iv) Classical music originates in England and Europe. So Yo-Yo Ma usually performs white composers.  

What about jazz? Is jazz a black art form? Many jazz musicians are Jewish. Are they Jewish on the outside, but black on the inside? 

v) What about something more abstract? Many great mathematicians are Caucasian. Does that make math a white thing? If a Chinese or Japanese mathematician is a math prof. at Harvard, Princeton, or MIT, is he acting white?

For that matter, many great mathematicians are Jewish.  Does that mean an Asian math prof. is acting Jewish? 

What about Srinivasa Ramanujan. From what I've read, he's typically considered to be the greatest natural mathematician. The most naturally gifted mathematician who ever lived. How would Leon classify him? Is he East Indian out the outside, but something else on the inside? Or is mathematical aptitude race-neutral in Leon's classification scheme?

vi) BTW, isn't Leon overgeneralizing about Asian pigmentation? What about South Asians? 

vii) To the extent that whites associate Asians with kung-fu, isn't that a case of racial self-stereotyping? Don't Asian actors and directors promote that image?

Moreover, that's not a negative image, is it? Isn't martial arts widely admired in segments of the white community? 

I've only read three things by Leon, but thus far it's almost the mirror image of how David Duke might divide up the world. All these racial boxes. Which box is the right box for you? 

In the coming months I hope to write a 6-part series on some of the issues surrounding ethnicity in (broadly speaking) Reformed and Presbyterian circles. On the one hand, I am fully aware that many people do not believe there are any problems. I normally receive this response from those in the majority. Though I overstate my case for the purposes of this illustration, to say there are no problems is like the slave owner telling the slave, "Everything is okay." The slave owner is not aware, or perhaps suppresses, the myriad of issues surrounding the establishment because he is the superior; he is the majority. From the slave's perspective, however, issues abound. I do not categorize whites in Reformed and Presbyterian Churches today as slave owners nor do I classify African-Americans (or non-whites) in the aforementioned circles as slaves. However, based on personal study, numerous conversations, and personal experience, I think it is clear that we look through a different lens much like the slave and slave owner.

Well, if he insists on framing the issue that way, it would be easy to recast it. Obama is Baby Doc Duvalier. Eric Holder, Susan Rice, Todd Jones, Valerie Jarrett, and Ayo Kimathi are the Tonton Macoutes.

This is your brain on Barth

I'm going to comment on this post by Steven Nemes:

I believe Nemes is currently a Barthian universalist. There are many problems with his analysis of John:

i) He ignores Johannine dualism, which is present in both the Gospel of John and 1 John. We can depict this in terms of three overlapping circles. In the center is the world. The elect intersect with the world on one side, while the reprobate intersect with the world on the other side. 

Nemes is oblivious to the subtleties of kosmos in Johannine usage. He seems to think this is a universal expression. Yet that fails to take into account the way John often sets "the world" in antithetical contrast to believers. But if the world encompasses everyone, then there's no room for contrast.

ii) As we see in the prologue, Christ enters a world that isn't open to the Gospel, or even neutral. Rather, the world of the Jews and Gentiles is already hostile to its Creator. In the Fourth Gospel, Christ has many personal encounters, both with individuals and groups. The reaction to Christ exposes a preexisting rift, a predisposition to shrink from the light and withdraw into the shadows. The open revelation of God in Christ has a hardening effect on many.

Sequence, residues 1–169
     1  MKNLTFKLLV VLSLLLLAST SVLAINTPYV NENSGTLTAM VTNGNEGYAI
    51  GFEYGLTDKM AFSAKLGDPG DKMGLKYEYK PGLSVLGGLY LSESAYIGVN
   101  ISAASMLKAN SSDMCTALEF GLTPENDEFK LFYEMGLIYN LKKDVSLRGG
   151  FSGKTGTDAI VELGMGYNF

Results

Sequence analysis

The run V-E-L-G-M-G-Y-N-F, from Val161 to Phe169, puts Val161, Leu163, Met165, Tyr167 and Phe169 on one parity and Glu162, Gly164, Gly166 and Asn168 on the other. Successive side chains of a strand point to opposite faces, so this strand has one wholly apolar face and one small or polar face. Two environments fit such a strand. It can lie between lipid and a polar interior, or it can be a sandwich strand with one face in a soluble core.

iii) But some individuals respond in faith. Their positive response also exposes a preexisting mindset. The differential factor is the Father's choice and the Spirit's renewal. 

Both faith and disbelief are effects of something more ultimate. Unbelievers reveal their diabolical paternity while believers revealed their divine paternity. Children of God and children of Satan. 

Left to their own devices, everyone would be under the spell of Satan. Only the Spirit can break the diabolical spell. 

As the Good Shepherd, Christ comes to rescue lost sheep who were marked out for salvation by the Father antemundane election. Like branded sheep who've strayed. The Son comes into the world from outside the world, to implement a redemptive plan which conceived outside the world. Before creation.  

Cf. A. Köstenberger, A Theology of John's Gospel and Letters, 458-64; J. Ramsey Michaels, The Gospel of John, 40-42. Herman Ridderbos, The Gospel of John, 46-47. 

The hidden hypotheses behind the Big Bang

The following is from the book Progress in New Cosmologies: Beyond the Big Bang:

The evidentiary value of eyewitness testimony

In addition to the body of the text, Miksa and Jayman both makes useful remarks in the comment thread:


The red shift


Human guinea pigs

Sheldrake: In theory science does portray humans as just machines, computers, “lumbering robots” in Richard Dawkins’s phrase, with no free will. From this point of view our minds are merely the activities of our brains. On the other hand, most scientists subscribe to secular humanism, which says we should do everything we can to improve human welfare, stop suffering, and so on. So there’s a conflict there. If you consider humans machines, then you should treat them the same way science treats animals, which is what the Nazi doctors did in the death camps; the same experiments long carried out on animals were applied to humans there. There’s nothing in science that tells us humans are special and shouldn’t be treated this way. That idea comes from secular humanism, which is a kind of quasi-religious faith.